Every Day

The Week That Was

Like sands through the hourglass, these are the weeks of our lives. Two points if you know what soap opera that’s from. Minus one point for knowing what soap opera that’s from. As if thematically appropriate, this week was a lot of high drama here at FSR. Big casting news was abound, big editorials were written and one of our biggest yearly events, the Sundance Film Festival, kicked off. If you’re a regular reader of this site, it was a great week to be visiting us. If you’re not a regular reader of this site, here’s a list of all the great stuff you missed.



Carla Gugino’s latest film, Every Day, says a lot about the writing and creative process. The story follows a screenwriter (played by Liev Schreiber). It’s one of those films where nearly everything seems to be going wrong for the lead, and a part of one of those falling pieces is working on a terrible seeming television series. The film explores ideas of being unfulfilled by the creative process, how difficult criticism is to take, and how the idea of making films for an audience in mind. These were things I wanted to ask Carla Gugino about in our quick 8-minute phoner, as well as the upcoming (and ultra-cool looking, Sucker Punch). Gugino has a small role in Every Day so talking about the themes seemed to the best topic to explore. And for those of you who are just as excited for Sucker Punch as I am, Gugino says it’ll be a little bit more emotional than you’re probably expecting it to be and will definitely feature Snyder’s stamp of kick-ass action.



There’s something to be said about movies that adamantly refuse to give you whimsical circumstances or endearing characters. There’s something to admire about a movie that refuses to pander to its audience, instead expecting a certain degree of work and a different kind of investment from them entirely. Such is the situation in the indie-family-drama Every Day, the feature writing/directing debut by Nip/Tuck producer Richard Levine. Ned (Liev Schreiber) is a staff writer on a medical melodrama whose cheap theatrics are reminiscent of Grey’s Anatomy, and is growing increasingly sick of the limitations and deep lack of satisfaction experienced in both his personal and professional lives. His wife Jeannie (Helen Hunt, who really needs to be in more movies) has just moved her sick father Ernie (Brian Dennehy) across the country to take care of him at their home, but quickly realizes she is in over her head with the responsibility and the mess. Their openly gay son Jonah (Ezra Miller) is a high school student ready to start dating, but is suffocated by the overbearing paranoia and implicit homophobia of his father. The younger son Ethan (Skyler Fortgang) is suffering from, well it’s never made quite clear – either a dark chronic pessimism or performance perfectionism as a young violin player.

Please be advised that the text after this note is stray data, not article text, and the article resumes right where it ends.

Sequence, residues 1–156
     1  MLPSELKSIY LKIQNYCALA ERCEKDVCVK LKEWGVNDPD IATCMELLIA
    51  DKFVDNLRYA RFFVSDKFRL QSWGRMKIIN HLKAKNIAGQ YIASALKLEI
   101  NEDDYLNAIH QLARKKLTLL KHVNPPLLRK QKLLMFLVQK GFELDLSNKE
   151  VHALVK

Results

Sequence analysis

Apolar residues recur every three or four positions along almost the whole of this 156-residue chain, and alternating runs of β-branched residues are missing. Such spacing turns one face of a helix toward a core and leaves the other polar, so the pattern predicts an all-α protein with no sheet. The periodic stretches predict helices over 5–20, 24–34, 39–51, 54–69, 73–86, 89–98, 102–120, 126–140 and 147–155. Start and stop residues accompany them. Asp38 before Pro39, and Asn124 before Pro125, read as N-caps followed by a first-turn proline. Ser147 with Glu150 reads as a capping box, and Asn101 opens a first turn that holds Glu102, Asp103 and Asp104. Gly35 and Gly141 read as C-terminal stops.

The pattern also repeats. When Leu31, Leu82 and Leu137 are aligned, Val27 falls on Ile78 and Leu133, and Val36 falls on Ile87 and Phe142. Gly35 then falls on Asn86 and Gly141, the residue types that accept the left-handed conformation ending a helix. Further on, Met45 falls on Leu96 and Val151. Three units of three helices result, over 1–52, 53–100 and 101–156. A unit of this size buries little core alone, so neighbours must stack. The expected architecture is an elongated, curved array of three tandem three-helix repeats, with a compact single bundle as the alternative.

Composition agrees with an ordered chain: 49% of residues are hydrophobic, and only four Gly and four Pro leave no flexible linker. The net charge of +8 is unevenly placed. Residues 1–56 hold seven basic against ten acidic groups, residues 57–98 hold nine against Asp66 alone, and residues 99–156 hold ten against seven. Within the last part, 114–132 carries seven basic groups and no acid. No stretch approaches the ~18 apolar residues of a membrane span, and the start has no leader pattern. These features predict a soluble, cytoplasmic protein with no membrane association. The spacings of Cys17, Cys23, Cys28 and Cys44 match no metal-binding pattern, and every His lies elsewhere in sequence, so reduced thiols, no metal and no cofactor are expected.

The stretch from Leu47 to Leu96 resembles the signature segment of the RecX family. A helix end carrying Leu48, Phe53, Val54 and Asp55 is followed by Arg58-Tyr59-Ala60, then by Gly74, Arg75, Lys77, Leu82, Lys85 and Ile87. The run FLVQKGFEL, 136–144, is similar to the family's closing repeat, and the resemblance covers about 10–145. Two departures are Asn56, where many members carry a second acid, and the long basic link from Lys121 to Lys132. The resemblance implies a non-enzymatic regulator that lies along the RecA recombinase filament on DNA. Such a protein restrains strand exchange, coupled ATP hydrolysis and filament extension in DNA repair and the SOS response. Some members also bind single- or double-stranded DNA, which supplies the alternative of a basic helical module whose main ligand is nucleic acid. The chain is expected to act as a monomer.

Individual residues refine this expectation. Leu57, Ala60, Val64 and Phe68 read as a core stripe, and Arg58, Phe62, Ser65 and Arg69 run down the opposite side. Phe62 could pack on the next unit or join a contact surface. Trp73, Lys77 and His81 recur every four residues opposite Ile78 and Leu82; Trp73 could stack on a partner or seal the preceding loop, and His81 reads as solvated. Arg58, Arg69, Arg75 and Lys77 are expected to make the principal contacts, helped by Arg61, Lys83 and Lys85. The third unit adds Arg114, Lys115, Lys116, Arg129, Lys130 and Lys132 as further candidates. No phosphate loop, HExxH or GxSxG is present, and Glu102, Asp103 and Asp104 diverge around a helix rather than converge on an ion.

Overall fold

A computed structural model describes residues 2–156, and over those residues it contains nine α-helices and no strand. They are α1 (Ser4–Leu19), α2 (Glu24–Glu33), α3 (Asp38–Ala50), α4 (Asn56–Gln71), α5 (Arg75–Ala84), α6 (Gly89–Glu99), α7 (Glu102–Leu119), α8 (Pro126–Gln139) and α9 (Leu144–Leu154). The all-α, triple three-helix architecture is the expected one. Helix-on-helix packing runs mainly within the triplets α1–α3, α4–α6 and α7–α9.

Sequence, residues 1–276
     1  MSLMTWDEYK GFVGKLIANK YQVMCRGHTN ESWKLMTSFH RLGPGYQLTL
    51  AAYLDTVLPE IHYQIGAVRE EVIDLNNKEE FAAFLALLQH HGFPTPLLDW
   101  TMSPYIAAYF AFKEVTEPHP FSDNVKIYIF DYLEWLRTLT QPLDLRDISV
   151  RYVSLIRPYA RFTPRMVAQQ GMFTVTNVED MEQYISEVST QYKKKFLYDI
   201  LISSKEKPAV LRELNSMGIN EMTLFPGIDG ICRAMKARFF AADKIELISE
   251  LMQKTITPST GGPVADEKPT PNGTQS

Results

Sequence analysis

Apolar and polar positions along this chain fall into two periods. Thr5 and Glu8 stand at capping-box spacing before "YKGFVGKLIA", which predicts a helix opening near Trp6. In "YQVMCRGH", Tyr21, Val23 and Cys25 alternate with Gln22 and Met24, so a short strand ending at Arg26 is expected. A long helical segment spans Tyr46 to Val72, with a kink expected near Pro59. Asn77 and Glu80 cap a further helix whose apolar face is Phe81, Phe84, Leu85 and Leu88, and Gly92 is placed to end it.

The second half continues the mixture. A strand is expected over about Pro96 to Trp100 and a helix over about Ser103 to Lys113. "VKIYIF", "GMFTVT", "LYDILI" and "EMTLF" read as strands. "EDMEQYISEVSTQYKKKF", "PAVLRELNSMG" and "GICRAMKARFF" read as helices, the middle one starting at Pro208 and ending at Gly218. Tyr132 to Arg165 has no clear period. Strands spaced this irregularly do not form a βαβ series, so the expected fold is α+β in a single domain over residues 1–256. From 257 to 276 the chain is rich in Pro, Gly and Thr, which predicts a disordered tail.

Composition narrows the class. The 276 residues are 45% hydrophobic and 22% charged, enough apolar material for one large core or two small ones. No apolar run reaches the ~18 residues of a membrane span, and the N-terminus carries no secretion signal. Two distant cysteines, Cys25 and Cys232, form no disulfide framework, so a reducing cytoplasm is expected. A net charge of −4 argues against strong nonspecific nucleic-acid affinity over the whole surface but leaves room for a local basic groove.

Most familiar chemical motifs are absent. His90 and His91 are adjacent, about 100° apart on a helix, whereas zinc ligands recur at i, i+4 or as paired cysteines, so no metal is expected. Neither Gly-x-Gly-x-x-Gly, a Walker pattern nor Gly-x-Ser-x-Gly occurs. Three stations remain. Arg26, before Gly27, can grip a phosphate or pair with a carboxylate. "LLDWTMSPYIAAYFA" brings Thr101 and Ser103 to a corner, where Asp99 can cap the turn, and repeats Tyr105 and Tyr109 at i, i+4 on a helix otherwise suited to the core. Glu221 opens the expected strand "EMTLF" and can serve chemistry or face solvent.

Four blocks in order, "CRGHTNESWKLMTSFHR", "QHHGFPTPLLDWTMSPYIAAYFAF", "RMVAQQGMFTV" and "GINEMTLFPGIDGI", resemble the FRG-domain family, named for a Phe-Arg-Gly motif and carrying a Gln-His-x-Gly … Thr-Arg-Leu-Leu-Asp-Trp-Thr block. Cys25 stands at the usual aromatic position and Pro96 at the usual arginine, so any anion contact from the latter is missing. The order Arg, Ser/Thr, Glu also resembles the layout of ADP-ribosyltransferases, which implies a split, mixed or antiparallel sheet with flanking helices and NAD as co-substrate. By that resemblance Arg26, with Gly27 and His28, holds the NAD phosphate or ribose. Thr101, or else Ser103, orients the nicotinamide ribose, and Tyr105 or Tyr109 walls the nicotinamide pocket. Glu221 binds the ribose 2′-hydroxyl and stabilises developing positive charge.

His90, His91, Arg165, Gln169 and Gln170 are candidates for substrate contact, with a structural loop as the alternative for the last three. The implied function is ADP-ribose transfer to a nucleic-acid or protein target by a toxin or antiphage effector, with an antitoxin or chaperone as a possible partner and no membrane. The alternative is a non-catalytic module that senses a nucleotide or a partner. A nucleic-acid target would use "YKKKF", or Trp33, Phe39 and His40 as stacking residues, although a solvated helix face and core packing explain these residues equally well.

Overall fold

The Reject Report

I know. I know. The Green Reject Report? That’s the best you can come up with? It’s not like it’s a title we might not use every again. When Green Zone hit last year, it opened against a few other notable titles that took the headline (This Week’s Reject Report Is Out Of My League). With Green Lantern hitting this coming June, another opportunity to use this week’s title might present itself. But we don’t think about the future. We cross those bridges when we come to them. So, while we’re eating our red meat and smoking our cigarettes, we’ll just do with The Green Reject Report for this week. Onto the movies.



It doesn’t take detailed instructions to understand why we’ve got the hots for Carla Gugino — in fact, we only really need the opportunity to post a few images…

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published: 01.31.2015
published: 01.30.2015
published: 01.30.2015
published: 01.29.2015

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